|Title||Many-body physics in long-range interacting quantum systems|
|Year of Publication||2017|
|Number of Pages||169|
|University||University of Colorado|
Ultracold atomic and molecular systems provide a useful platform for understanding quantum many-body physics. Recent progresses in AMO experiments enable access to systems exhibiting long-range interactions, opening a window for exploring the interplay between long-range interactions and dissipation. In this thesis, I develop theoretical approaches to study non-equilibrium dynamics in systems where such interplay is crucial.
I first focus on a system of KRb molecules, where dipolar interactions and fast chemical reactions coexist. Using a classical kinetic theory and Monte Carlo methods, I study the evaporative cooling in a quasi-two-dimensional trap, and develop a protocol to reach quantum degeneracy. I also study the case where molecules are loaded into an optical lattice, and show that the strong dissipation induces a quantum Zeno effect, which suppresses the molecule loss. The analysis requires including multiple bands to explain recent experimental measurements, and can be used to determine the molecular filling fraction.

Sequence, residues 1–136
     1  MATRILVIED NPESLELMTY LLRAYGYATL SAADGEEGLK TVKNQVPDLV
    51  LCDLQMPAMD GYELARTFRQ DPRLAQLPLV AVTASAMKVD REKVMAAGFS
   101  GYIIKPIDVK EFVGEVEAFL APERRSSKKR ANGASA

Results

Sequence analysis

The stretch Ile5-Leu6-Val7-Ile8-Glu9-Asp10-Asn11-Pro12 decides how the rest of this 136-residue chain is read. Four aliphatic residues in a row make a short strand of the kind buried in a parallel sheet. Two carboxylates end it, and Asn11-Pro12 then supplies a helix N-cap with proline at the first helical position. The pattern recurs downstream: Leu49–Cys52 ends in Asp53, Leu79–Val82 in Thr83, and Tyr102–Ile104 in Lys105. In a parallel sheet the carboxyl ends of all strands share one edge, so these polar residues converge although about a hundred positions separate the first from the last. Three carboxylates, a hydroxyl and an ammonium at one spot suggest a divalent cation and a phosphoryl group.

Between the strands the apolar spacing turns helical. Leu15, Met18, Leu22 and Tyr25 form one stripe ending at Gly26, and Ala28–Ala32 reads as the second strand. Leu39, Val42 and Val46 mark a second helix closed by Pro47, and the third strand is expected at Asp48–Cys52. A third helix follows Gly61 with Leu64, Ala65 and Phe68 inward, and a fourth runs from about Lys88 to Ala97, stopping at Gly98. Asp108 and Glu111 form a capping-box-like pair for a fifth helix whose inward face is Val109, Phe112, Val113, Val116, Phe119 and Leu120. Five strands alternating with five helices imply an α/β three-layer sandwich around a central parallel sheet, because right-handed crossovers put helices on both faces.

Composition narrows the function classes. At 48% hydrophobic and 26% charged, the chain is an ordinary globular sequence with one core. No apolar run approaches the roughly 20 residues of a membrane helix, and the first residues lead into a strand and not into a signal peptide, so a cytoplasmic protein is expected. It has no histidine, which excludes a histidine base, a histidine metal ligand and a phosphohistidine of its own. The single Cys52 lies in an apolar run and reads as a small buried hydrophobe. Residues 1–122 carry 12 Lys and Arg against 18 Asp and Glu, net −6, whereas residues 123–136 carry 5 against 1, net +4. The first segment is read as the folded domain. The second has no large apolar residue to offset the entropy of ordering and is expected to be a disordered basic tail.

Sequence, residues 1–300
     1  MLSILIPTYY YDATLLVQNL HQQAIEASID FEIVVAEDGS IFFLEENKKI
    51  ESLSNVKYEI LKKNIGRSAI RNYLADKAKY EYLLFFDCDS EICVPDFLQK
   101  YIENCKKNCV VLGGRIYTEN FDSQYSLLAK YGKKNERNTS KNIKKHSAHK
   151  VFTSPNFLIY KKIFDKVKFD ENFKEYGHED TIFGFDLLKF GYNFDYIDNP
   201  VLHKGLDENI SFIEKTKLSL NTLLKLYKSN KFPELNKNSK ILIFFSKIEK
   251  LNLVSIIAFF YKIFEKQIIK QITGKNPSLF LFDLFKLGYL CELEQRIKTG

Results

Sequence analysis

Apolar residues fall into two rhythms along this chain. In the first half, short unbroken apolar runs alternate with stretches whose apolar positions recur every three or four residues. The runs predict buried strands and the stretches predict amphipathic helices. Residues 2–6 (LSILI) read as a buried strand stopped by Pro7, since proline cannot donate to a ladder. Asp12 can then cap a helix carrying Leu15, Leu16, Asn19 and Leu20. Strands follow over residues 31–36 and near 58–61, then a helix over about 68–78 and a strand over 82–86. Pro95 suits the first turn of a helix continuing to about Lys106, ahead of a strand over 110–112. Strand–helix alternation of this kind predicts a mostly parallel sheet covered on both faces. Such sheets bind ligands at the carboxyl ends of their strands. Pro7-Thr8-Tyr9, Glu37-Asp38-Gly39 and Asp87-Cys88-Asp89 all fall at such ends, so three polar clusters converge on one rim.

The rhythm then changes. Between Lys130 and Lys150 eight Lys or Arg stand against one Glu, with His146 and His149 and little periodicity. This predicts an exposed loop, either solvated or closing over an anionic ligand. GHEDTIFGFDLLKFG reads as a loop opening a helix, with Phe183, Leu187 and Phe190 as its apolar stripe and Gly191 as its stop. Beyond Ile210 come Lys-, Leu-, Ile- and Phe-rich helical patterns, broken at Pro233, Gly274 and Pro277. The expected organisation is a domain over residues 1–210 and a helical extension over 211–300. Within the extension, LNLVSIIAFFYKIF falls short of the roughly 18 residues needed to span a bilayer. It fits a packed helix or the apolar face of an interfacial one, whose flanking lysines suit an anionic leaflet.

I also investigate a system of radiating atoms, which experience long-range elastic and dissipative interactions. I explore the collective behavior of atoms and the role of atomic motion. The model is validated by comparison with a recent light scattering experiment using Sr atoms. I also show that incoherently pumped dipoles can undergo a dynamical phase transition to synchronization, and study its signature in the quantum regime.